Review: Chelsea Hotel at The Firehall Arts Centre

Chelsea Hotel is a brilliantly conceived, beautifully designed, and masterfully performed piece of theatre that brings new life and insight to Leonard Cohen’s profound body of work. Creator and Director Tracey Power has arranged a series of the poet’s most beloved songs into a tale of love, loss, lust, and redemption, and sets it within a magical, imaginative world.


The situations described within Cohen’s lyrics are far too specific to be shoe-horned into plot in the way that has been done with bands like ABBA and Queen. Instead, Power’s offers an abstract outline of a narrative, allowing audiences to interpret the emotionally charged words as they will, fleshing out the story’s detail within their own imagination.

Photo by Emily Cooper.

The story, as it is, revolves around ‘The Writer’ who is holed up in the titular Chelsea Hotel. As he struggles to create, he is tormented by memories of past lovers. We see the Writer go down to the place by the river with Suzanne, tell one of Vienna’s ten pretty women to Take This Waltz, and bid So Long Marianne after dancing her to the end of love. As the story unfolds, the Writer is especially haunted by a figure in a (famous) blue raincoat, whose escalating reoccurrence ultimately drives The Writer to a heart-wrenching place of redemption (naturally underscored by the immortal Hallelujah).


When the show begins the Writer, played by the revelatory and truly golden-voiced Adrian Glynn McMorran, lies at the foot of a small mountain of discarded, crumpled paper. The action starts as ‘The Bellhop’, a pale-faced and white-garbed imp, pops out of the mountain and strikes the play’s opening notes on accordion. Performed with ample humour and sly charm by Benjamin Elliott, the Bellhop is one part muse, one part guilty conscience, and one part devil, as he drives our writer through the events of the evening.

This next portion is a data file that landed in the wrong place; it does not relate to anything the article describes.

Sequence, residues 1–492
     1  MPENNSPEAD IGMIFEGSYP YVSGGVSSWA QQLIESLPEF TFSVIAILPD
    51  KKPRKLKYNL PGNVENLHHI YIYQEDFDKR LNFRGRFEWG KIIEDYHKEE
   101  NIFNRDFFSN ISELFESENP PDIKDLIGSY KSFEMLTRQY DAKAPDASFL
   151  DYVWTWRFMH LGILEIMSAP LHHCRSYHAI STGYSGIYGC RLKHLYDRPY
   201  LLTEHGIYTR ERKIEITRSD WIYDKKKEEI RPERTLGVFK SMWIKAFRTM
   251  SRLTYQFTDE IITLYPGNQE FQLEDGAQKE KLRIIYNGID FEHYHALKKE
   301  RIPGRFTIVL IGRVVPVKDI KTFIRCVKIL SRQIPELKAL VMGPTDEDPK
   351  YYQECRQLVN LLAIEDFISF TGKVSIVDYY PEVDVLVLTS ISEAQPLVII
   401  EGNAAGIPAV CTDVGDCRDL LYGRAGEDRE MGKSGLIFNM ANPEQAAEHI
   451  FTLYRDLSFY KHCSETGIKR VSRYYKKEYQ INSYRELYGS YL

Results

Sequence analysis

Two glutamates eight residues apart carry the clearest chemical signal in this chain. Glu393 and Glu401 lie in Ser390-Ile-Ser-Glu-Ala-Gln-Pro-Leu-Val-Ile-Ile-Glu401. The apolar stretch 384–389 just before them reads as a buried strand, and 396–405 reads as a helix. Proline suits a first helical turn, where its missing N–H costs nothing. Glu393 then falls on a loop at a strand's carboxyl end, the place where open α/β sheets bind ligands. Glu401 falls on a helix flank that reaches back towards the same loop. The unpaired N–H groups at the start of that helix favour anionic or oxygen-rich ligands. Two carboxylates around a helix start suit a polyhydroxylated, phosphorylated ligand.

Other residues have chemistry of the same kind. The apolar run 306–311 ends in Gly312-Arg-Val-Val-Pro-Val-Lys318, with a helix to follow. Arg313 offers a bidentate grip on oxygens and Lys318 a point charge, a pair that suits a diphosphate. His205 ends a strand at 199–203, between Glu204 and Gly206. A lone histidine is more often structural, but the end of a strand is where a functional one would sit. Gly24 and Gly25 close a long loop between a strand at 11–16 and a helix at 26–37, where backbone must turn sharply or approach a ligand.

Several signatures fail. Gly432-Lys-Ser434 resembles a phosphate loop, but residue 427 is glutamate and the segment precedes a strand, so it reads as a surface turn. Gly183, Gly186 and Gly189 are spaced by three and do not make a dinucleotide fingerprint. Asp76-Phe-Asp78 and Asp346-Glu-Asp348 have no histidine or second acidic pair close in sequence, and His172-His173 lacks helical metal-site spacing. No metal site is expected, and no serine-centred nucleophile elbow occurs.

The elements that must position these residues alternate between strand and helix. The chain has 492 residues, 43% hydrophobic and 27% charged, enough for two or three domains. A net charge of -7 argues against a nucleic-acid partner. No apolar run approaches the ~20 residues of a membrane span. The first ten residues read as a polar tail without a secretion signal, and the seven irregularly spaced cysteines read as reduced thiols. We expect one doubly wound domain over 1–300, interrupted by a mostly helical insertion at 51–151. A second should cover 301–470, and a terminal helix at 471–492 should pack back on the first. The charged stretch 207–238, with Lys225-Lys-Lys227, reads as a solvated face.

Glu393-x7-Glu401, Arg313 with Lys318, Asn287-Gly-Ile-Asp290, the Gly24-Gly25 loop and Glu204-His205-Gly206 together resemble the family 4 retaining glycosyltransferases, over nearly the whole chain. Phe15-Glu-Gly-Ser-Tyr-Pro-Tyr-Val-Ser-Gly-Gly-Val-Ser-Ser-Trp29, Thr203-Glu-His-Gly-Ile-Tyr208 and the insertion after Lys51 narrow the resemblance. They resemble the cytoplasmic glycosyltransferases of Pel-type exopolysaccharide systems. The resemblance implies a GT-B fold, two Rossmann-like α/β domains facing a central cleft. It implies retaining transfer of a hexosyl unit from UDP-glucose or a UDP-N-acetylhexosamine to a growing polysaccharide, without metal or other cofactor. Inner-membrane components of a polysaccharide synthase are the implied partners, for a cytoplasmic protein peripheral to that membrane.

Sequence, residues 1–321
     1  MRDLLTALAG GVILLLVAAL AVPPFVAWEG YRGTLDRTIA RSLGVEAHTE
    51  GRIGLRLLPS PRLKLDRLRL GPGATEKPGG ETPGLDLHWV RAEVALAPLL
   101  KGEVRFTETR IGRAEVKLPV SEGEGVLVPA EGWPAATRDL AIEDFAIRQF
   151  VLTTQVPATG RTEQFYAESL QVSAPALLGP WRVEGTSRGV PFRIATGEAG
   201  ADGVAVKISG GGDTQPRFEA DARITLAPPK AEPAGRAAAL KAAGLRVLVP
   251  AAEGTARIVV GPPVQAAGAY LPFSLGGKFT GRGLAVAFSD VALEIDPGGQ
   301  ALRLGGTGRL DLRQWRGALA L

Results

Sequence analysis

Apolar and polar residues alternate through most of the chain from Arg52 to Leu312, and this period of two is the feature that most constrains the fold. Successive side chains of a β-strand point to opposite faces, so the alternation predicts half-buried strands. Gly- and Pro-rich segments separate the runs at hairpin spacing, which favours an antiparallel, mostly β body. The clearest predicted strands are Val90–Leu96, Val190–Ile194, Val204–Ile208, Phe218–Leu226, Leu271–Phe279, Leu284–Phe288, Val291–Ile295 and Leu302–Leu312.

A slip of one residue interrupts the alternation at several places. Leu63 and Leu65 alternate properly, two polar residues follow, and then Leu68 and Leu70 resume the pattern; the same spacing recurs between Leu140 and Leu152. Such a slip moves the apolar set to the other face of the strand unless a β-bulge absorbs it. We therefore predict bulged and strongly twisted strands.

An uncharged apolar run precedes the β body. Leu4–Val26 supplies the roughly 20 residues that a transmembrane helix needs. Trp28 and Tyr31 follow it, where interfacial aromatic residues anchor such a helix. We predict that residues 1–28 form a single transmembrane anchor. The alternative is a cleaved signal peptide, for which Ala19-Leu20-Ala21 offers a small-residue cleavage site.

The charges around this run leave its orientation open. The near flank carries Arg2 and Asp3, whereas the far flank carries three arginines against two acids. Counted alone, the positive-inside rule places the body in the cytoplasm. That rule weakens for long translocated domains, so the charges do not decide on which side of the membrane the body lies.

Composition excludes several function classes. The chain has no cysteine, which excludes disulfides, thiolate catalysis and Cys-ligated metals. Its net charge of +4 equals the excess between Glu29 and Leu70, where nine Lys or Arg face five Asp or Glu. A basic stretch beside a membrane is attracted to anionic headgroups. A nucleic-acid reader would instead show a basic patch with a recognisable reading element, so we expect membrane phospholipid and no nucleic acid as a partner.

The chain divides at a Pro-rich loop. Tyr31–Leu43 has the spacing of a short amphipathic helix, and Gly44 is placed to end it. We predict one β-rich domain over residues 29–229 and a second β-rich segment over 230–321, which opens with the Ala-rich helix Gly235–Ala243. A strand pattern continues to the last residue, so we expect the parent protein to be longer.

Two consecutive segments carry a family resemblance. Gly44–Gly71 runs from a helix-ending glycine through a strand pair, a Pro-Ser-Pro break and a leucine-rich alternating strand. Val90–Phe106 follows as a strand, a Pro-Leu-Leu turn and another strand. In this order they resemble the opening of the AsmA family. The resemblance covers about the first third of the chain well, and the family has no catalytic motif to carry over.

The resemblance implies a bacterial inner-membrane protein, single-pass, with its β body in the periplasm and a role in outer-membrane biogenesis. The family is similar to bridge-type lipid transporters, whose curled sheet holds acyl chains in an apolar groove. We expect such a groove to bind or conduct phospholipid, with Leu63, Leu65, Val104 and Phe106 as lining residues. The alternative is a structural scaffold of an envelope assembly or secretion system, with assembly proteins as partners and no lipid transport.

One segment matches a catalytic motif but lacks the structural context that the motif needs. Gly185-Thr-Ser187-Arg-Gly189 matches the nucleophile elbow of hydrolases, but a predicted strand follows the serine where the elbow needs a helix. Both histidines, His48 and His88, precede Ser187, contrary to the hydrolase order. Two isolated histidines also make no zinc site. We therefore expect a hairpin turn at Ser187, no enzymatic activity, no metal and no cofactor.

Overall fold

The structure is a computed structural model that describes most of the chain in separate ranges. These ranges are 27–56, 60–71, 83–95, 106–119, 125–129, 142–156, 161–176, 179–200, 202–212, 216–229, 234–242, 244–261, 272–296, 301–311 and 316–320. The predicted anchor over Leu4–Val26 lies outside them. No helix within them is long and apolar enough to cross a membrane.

The two are quickly joined on stage by Rachel Aberle and Lauren Bowler, who play a mercurial array of smitten girls, seductive vixens, and scorned lovers; Steve Charles, a multifaceted talent who also arranged the show’s compositions; and Marlene Ginader, who delivers a heart-filled performance as the broken-hearted, raincoat-wearing cast-off.


It is an incredible experience to behold such a vast quantity of talent on one stage (and especially in the intimacy of the Firehall) – not only are each gifted singers and actors, but also skilled instrumentalists, playing the show’s score on keyboard, drums, stand up bass, ukelele, guitar, violin, cello, banjo, and, in the case of I’m Your Man, kazoo.


The set designs of Marshall McMahen and costumes of Barbara Clayden are a feast for the eyes, and cleverly re-enforce the abstract, imaginative nature of the narrative. Where the writer is clothed in earthy brown, the rest of the cast and set are adorned in fabrics resembling paper (and featuring the odd scribbling of poetry). In this way, the Writer becomes the only solid, tangible person in this world, and the audience is free to interpret the figures who whirl about him as they will- as characters on a page, figments of imagination, ghosts from the past, or otherwise.


Ultimately, the success of a show like Chelsea Hotel must hinge on the music, and in this regard Power and her cast completely outdo themselves. Music Director Steve Charles  creates arrangements that are both freshly original and deeply respectful of the source material. The exceptional voices of the cast blend beautifully, particularly in the lush, stacked harmonies that Charles carefully places throughout the work.


Chelsea Hotel uses the unquestionable power of Leonard Cohen’s art to create an original and deeply moving experience. Its uncannily talented cast and creative team combine the very best elements of poetry, song, and theatre to craft a profound and rapturous work that will resonate within audiences for a long time.


Chelsea Hotel runs until March 3 at the Firehall Arts Centre.
Tickets are $26 for Adults, $21 for Students & Seniors at

Categories: Musings